The Great Debate UK
-Clive Stafford Smith is the founder and director of Reprieve. The opinions expressed are his own.-
It may be the most mean-spirited thing that David Cameron has yet said since he assumed the mantle of Prime Minister: “It makes me physically ill even to contemplate having to give the vote to anyone who is in prison.” It makes me physically ill to hear an elected official say such a thing.
On which tablet that Moses carried down from Mount Sinai does it say that prisoners should lose the right to vote? The European Court ruling condemning our practice does not pull its conclusion out of thin air: countries across Europe and around the world allow prisoners to vote. Even China only takes the right away from those condemned to life in prison, or to death. Because a prisoner is so often a person who has dwelt on the margins of society, he is the person who most needs the franchise.
Felony disenfranchisement — as the practice is called in the US — has ever been employed to take power from the powerless. When slavery was abolished, some states rushed to deprive convicts of the vote, as a proxy for race. They similarly imposed literacy and property requirements. Only the felony rule survives, and it serves its original, racist purpose. Whites make up 74% of drug users, but only 19% of drug prisoners – nationwide, African-Americans are seven times as likely to lose their right to vote. George W. Bush would never have been president, but for the racist removal of the vote – fully one third of black citizens cannot vote in Florida. The rule in Britain is similarly discriminatory against minorities. Perhaps the Conservative PM was well aware of this when he made his comment.
Has this been dullest German election campaign in decades or the most exciting? Has the battle for power in Berlin between Chancellor Angela Merkel and Foreign Minister Frank-Walter Steinmeier that concludes with Sunday’s election been a memorable showdown or a forgettably boring contest?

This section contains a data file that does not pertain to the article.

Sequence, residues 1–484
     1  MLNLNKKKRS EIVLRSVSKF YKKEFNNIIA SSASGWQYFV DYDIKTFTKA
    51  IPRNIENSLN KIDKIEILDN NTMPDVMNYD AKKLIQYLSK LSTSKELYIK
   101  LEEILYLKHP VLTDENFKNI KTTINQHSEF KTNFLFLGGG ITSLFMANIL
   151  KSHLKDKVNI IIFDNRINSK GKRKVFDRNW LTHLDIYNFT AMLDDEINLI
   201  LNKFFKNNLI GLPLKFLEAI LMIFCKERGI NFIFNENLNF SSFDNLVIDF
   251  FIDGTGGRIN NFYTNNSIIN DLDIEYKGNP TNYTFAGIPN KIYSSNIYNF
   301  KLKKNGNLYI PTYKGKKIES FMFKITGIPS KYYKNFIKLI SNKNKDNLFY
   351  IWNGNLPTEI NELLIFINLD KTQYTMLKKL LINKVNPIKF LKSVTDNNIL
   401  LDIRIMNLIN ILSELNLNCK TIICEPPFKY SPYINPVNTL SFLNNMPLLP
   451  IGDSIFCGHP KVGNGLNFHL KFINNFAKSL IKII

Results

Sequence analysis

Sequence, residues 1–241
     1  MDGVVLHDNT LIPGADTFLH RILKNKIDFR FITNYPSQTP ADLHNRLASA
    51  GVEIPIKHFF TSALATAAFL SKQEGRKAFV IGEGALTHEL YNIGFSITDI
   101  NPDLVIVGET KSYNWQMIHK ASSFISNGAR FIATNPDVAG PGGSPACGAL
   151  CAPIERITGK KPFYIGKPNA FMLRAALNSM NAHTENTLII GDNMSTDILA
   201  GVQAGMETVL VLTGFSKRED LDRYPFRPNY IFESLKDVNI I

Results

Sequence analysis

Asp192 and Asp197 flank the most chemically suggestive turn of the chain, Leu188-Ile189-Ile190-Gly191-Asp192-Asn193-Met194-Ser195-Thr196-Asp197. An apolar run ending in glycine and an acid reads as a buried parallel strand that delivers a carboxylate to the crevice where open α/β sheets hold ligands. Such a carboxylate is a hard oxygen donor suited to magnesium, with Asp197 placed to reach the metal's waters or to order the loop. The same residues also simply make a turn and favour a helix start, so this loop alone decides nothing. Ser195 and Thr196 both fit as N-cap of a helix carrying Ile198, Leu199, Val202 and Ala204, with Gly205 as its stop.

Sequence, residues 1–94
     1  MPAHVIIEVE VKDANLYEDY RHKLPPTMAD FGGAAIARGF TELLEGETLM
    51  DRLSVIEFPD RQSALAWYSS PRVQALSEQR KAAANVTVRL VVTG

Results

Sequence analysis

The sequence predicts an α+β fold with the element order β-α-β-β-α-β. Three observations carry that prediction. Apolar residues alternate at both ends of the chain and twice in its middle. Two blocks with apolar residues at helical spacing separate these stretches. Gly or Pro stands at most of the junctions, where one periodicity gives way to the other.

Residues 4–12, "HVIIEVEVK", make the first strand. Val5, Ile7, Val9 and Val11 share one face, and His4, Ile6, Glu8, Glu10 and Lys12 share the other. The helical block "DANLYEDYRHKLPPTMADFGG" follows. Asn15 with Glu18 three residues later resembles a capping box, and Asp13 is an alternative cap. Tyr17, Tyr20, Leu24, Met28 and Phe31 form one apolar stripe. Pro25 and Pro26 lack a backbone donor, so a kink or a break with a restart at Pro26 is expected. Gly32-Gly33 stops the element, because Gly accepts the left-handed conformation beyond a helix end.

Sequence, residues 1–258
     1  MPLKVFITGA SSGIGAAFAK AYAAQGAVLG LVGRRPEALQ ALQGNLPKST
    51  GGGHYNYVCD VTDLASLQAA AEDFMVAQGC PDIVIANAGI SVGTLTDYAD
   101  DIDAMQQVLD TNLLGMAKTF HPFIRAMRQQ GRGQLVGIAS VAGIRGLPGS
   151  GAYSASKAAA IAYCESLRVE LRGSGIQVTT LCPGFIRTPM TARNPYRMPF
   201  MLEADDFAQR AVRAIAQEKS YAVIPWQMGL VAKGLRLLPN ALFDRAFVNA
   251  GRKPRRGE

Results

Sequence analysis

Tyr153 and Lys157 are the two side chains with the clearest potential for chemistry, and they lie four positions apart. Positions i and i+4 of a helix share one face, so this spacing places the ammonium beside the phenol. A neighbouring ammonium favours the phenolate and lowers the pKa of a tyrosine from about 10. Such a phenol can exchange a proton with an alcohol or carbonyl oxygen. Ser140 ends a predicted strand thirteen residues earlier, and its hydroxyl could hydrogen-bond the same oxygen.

Many journalists, pundits and voters have complained it’s all been a merciless bore compared to the high-octane battles of the past with little action and precious few highlights.
There has been widespread questioning of what precisely it is many non-execs actually do, other than take home a sometimes handsome reward for attending a scattering of board meetings.
Europe rarely features highly in European election campaigns in Britain. In the 2004 campaign the word Euro more often than not referred to a football tournament rather than the single currency. And for at least two reasons, we shouldn’t expect European integration to be much discussed.
- Professor Colin Pritchard is a Research Professor in the School of Health & Social Care, Bournemouth University, whose research is increasingly linking problems of deteriorating human health and the wider environment. The opinions expressed are his own. -
One reason to vote in the EU elections is that on June 6, 1944 Europe was a slaughterhouse – the second time within 30 years. The EU may be imperfect but in the last analysis is one of the greatest progressive achievements of the 20th century, as it seeks to achieve the great political trilogy of Liberty, Equality and Fraternity, and, albeit hesitatingly, seeks to implement the UN Declaration of Human Rights.
Opinion polls predict a record low turnout in next month’s EU-wide European Parliament elections. The Strasbourg-based assembly was once regarded as a toothless talking shop, but that has long ceased to be true. Indeed there are many reasons for Europeans to cast a vote.